United States of America, Plaintiff-appellee, v. Cleveland Williams, Defendant-appellant, 579 F.2d 369 (5th Cir. 1978)Annotate this Case
United States Court of Appeals,Fifth Circuit.
Sept. 1, 1978.
Theodore J. Sakowitz, Federal Public Defender, Joel Kaplan, Asst. Federal Public Defender, Miami, Fla., for defendant-appellant.
Jack V. Eskenazi, U.S. Atty., Barbara D. Schwartz, Linda Collins Hertz, Asst. U.S. Attys., Miami, Fla., for plaintiff-appellee.
Appeal from the United States District Court for the Southern District of Florida.
Before MORGAN, CLARK and TJOFLAT, Circuit Judges.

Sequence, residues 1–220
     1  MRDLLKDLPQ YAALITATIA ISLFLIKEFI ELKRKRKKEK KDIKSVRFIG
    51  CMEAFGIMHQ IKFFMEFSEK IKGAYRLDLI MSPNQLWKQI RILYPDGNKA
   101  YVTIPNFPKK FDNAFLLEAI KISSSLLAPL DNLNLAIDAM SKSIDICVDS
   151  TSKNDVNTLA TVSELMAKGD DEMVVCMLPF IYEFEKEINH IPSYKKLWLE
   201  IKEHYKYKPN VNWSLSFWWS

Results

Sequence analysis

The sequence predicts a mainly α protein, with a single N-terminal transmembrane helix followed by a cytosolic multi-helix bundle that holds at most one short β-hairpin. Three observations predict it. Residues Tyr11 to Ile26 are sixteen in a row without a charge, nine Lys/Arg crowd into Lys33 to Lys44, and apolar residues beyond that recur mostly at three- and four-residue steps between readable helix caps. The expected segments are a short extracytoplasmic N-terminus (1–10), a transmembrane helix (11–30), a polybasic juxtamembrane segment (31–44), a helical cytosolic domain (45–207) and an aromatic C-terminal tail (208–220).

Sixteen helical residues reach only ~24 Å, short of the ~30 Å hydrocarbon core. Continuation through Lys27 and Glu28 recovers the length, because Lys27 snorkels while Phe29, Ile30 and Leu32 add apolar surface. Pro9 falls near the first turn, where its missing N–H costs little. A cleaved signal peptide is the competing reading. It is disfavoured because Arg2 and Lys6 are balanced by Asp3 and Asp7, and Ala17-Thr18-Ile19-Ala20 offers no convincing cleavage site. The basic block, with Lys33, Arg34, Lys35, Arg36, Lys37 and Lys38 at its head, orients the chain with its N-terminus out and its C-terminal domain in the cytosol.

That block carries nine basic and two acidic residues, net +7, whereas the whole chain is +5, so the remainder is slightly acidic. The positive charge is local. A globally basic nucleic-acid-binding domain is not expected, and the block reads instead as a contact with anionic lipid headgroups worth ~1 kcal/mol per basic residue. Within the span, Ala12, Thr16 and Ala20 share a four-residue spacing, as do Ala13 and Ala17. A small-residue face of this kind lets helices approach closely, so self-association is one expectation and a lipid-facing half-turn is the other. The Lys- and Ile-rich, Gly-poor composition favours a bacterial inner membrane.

Cleveland Williams and Jesse Shepard each were charged in a five-count indictment with one count of conspiracy to distribute heroin, two counts of possession of heroin, and two counts of distribution of heroin. In a separate five-count indictment, Williams was charged with one count of conspiracy to possess and distribute heroin, one count of possession of heroin, and one count of distribution of heroin.1 Pursuant to a plea bargain agreement, Williams pleaded guilty to the two conspiracy counts and the government moved to dismiss the six substantive counts. In addition, the government recommended a sentence of seven years' incarceration. After considering the presentence investigation report and the testimony at the sentencing hearing, the district court sentenced Williams to consecutive sentences of five years with three years' special probation on each of the two conspiracy counts.